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Blockchain Digital Fingerprints

Why You Should Use Blockchain for Digital Fingerprints

Blockchain excels at proving an event took place. When new data is written to the blockchain, it is inextricably linked to every other record—changing even the smallest detail would change the structure of subsequent data written after it. In other words, blockchain is perfectly suited to tasks such as conflict resolution and guarantees of authenticity.
With more traditional mainstream technologies for data storage and capture, one of the biggest issues is that external parties cannot vouch for the accuracy of the data they’re being presented with. As it could have been tampered with in some way, this necessitates deeper audits and manual verifications against other records, equally subject to manipulation. There are simply no easy ways to resolve disputes revolving around whether or not something happened: each party, driven by their own interests, will have their own views.

How Blockchain Helps

Digital Fingerprint on blockchain
As we’ve mentioned above, blockchain is tamper-proof—changing anything changes everything. As blockchain is also transparent, alterations to data become visible to everyone with access to it. Therefore, as soon as an event takes place, a digital fingerprint of that event can be recorded within the blockchain for future reference. With this security and transparency, it becomes a single source of truth for everyone involved, significantly cutting down on the time and costs involved with auditing, verification, and keeping multiple records. 
There are numerous real-world use cases involving digital fingerprints in which blockchain excels. One of them is digital rights management: blockchain can protect the copyright of digital content, as well as provide tracing tools in the case of violations. Additionally, the technology can also work as a system for recording any ownership changes and other relevant data, as we’ve covered in our article on Records of Ownership
Digital fingerprint use caess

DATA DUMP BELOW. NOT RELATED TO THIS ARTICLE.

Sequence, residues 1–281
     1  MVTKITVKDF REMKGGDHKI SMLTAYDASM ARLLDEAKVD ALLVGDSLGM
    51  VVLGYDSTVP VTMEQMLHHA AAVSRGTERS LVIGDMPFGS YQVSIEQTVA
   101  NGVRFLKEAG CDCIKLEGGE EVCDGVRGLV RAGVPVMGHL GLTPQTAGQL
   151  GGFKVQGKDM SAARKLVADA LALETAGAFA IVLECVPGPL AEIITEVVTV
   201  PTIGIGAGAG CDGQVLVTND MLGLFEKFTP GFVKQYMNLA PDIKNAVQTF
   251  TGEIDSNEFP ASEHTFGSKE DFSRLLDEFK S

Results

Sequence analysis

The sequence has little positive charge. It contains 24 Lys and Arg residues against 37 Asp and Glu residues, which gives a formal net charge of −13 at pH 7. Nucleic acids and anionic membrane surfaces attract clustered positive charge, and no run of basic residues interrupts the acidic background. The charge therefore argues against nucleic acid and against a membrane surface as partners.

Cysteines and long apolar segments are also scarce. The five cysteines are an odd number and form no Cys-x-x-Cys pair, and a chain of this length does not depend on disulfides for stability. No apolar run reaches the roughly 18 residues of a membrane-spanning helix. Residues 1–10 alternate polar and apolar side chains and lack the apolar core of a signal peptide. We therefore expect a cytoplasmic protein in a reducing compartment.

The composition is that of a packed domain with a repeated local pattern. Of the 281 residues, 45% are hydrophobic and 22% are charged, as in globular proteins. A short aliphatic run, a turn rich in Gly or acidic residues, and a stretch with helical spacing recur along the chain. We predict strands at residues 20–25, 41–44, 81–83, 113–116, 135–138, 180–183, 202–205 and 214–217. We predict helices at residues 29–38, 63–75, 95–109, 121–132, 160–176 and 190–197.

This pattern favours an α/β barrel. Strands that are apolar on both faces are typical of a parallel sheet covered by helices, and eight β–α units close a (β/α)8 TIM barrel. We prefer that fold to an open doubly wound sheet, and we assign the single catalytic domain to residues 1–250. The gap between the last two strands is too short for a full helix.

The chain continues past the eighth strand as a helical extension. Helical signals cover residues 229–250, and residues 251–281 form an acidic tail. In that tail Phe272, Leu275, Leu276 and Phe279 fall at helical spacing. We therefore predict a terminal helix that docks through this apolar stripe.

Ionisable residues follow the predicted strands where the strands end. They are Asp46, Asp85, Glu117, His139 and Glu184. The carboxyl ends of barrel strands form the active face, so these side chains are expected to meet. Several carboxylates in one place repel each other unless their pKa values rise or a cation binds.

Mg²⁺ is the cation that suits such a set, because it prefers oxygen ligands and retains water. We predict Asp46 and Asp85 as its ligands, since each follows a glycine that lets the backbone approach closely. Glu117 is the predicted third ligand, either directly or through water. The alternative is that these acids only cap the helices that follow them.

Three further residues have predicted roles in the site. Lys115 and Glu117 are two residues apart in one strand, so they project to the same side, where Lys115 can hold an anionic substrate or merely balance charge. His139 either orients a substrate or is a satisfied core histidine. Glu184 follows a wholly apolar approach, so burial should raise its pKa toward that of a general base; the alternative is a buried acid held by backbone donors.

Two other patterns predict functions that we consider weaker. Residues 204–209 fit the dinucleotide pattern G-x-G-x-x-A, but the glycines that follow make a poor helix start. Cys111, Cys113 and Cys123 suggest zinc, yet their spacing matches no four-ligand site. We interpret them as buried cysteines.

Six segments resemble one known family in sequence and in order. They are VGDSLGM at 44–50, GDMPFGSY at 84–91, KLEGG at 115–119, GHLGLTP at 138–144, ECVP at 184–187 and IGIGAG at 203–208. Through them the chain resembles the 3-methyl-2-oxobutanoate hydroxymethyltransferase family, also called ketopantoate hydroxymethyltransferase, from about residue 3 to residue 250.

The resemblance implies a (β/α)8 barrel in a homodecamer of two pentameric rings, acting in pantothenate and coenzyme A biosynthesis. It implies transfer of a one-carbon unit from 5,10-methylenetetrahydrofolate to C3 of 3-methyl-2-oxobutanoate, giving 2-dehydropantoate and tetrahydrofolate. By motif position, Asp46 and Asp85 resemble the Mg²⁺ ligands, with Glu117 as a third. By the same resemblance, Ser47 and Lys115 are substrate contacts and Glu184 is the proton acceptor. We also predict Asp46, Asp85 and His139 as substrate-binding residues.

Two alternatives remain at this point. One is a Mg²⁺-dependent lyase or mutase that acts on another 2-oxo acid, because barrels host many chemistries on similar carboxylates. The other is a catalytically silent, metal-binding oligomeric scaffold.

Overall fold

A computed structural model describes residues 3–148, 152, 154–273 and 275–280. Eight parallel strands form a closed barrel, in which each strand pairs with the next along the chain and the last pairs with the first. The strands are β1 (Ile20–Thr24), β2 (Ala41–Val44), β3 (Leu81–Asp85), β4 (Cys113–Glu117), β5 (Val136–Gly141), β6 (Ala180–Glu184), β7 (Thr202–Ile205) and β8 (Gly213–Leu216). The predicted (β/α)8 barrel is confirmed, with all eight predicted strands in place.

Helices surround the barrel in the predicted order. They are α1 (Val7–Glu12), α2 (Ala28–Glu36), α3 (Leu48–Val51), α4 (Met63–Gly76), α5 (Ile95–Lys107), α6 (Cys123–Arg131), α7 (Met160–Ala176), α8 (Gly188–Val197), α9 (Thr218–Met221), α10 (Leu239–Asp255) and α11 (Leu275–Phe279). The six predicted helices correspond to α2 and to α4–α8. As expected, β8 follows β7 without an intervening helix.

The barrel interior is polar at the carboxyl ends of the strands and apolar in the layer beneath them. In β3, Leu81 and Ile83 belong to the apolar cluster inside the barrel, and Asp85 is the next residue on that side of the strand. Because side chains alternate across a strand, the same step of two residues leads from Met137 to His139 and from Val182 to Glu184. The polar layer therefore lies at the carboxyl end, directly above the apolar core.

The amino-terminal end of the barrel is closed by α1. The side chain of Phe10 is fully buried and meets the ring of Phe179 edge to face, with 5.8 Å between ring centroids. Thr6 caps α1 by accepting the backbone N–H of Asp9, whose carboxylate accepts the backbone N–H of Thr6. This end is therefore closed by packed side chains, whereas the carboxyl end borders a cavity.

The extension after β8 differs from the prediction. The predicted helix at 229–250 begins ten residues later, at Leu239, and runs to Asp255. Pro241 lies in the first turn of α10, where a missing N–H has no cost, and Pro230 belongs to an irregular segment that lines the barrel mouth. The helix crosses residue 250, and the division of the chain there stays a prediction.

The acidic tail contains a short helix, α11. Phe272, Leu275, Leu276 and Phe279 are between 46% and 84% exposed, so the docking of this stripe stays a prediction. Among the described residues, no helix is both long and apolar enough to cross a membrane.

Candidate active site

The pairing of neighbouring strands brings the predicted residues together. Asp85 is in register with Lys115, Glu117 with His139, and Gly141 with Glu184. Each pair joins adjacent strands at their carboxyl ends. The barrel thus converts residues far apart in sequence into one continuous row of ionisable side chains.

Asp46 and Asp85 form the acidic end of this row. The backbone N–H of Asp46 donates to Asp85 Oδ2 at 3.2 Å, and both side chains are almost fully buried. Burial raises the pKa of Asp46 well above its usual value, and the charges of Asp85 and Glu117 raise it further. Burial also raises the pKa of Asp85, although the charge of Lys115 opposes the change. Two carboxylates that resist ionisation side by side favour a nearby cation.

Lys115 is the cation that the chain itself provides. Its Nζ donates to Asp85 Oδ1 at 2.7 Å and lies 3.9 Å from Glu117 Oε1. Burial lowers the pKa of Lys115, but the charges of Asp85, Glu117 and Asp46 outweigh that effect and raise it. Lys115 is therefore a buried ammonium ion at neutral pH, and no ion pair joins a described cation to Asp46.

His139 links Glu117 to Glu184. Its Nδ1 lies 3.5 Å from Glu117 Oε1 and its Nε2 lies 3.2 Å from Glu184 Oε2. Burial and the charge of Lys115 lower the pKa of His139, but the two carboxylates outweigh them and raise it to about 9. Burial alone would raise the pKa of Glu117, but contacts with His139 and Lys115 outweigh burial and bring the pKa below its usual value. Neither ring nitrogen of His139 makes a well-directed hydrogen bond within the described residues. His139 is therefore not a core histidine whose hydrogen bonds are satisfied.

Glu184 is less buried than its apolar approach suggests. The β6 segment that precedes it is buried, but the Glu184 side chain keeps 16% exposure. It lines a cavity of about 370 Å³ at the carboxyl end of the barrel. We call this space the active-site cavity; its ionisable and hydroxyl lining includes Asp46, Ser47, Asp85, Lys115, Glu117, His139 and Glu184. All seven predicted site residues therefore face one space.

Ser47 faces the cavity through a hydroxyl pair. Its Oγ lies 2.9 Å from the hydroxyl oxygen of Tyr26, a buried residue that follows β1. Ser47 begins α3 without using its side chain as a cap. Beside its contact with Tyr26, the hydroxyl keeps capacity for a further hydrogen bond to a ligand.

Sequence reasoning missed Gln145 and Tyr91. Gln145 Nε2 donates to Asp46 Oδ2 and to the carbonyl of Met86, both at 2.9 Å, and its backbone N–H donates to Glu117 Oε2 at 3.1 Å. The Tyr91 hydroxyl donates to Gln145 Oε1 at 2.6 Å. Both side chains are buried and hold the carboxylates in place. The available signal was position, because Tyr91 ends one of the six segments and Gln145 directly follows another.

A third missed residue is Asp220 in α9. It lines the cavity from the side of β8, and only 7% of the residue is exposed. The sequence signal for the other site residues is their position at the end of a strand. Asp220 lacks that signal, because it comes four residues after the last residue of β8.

Japanese electronics giant Sony has announced that they were leveraging the technology to help manage copyright-related information. Users of any recorded content will be able to see the author’s information, as well as the time and date of the creation. They’ve also stated that educational content is a prime use case, as the area could benefit from increased transparency and efficiency. 
Providing authenticity guarantees for luxury goods is another sphere brimming with potential. With the number of imitations and counterfeit goods, some of which can even pass for the real thing unless the buyer is very experienced, having irrefutable proof that the commodity was farmed, mined, or produced according to standards can be of significant help. Additionally, making such records generally available would go a long way towards cutting out counterfeits completely, as they cannot provide such authenticity records. 

Blockchain in diamond authentication

Diamonds are a commodity that can greatly benefit from improved supply chain transparency (another major blockchain use case that we’ve covered in Complex Business Processes), but also from proving they were ethically sourced. In this industry, transparency is quickly becoming a must instead of an optional feature. Everledger provides a platform for diamond tracking, which has been used by US-based retailer Fred Meyer Jewelers to show the journey of the pieces in the RockSolid collection that later became available in 100 stores in the United States.